"Separation of church and state," ranks high among phrases frequently misused in politics. It typically appears in the context of trite allegations that some poor soul has created an unconstitutional establishment of religion by mentioning God in a valedictory address or praying "in Jesus' name." Such hysterical misapplications of the First Amendment trivialize the nature of the substantive separation of church and state that characterizes the American conception of government.
The proper separation of church and state is rooted in a distinction of roles. The most important implication of this, as Thomas Jefferson expressed when he first coined the phrase, is that man's conscience and the work of the church in training it must be protected from government interference. But there are more general implications, as well.
In a society where church and state are acknowledged to have separate, distinct roles, they also have varying levels and types of duties in addressing the needs of society. The current debates over immigration policy and health insurance provide examples of how modern-day Americans sometimes forget this.
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In petitions urging a reversal of the Trump administration's efforts to halt or limit the influx of Middle Eastern refugees, church leaders have repeatedly referenced the scriptural mandates to welcome strangers and to love one's neighbor. Without question, the willingness to offer support, friendship, and aid to refugees and immigrants who arrive in our communities is a virtue. Christians are specifically called to love these "neighbors" regardless of their skin color, religion, national origin, or immigration status. These scriptural mandates are personal mandates, given to all individuals who profess the Christian faith.
On the other hand, the primary purpose of government, recognized both in Scripture and in our founding documents, is to protect its citizens. Receiving refugees who turn to us in genuine need and without malice, developing and maintaining appropriate immigration policies and providing aid to foreign nations are all proper, constitutional functions of our national government. But each must be performed in light of government's primary role: to protect the safety and rights of the people who instituted it. We compromise our government's ability to fulfill that mandate when we misapprehend its role.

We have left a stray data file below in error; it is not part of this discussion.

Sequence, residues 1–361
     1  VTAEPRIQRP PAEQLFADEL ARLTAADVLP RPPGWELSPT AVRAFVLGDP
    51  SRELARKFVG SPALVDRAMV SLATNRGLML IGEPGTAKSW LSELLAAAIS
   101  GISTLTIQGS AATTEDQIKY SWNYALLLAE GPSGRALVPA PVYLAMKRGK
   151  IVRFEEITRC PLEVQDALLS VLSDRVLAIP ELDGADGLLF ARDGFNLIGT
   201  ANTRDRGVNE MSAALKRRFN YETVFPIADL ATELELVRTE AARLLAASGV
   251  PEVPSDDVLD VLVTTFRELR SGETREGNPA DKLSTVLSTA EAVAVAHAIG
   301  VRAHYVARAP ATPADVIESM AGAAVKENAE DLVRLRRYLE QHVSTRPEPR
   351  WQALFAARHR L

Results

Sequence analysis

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Similarly, in the context of health care, many Americans (indeed, many of the same Americans who proclaim such passion for "the separation of church and state") seem to conflate the biblical virtue of personal charity – caring for the sick and the poor – with the functions of government. While it is appropriate for state and local governments to provide a safety net for those in dire need, it is a fact that our federal government was never intended nor empowered to be responsible for individuals' medical care. Nevertheless, those who look to Washington, D.C., to provide it label those who don't as greedy or uncaring.
The reality is, when the federal government misuses its power by redistributing wealth, the most it can do for the poor is to indiscriminately throw money at them. It is utterly incompetent to address poverty in the holistic way that can truly benefit people. This is exactly where the church, and those who are faithful to fulfill their scriptural mandates, can truly shine. Health-care professionals can provide free or low-cost services to those who really need them in community-based clinics – or even in their own offices. Members of every community can work together to help provide material resources that are genuinely needed, but along with them the personal counseling, mentoring and practical helps that can eventually lead the poor out of poverty.
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The attraction of a government that does it all is understandable. But ultimately, it is a dangerous mirage. It dilutes our own sense of moral responsibility and gives us an excuse to tune out the needs around us once we have paid our exorbitant taxes. A government that does it all is also a government bound to fail. When it takes on functions that are beyond its proper realm, it will be distracted from the protective functions that only government is competent to perform.
We should all strive to do even better in our communities at fulfilling the Christian mandate to welcome the stranger, love our neighbor as ourselves, and care for the sick and the needy – not seek to delegate those duties to a distant, centralized government that was never meant to perform them. We should also stop criticizing that government for being uncharitable when it simply strives to focus on the job it was actually designed to do.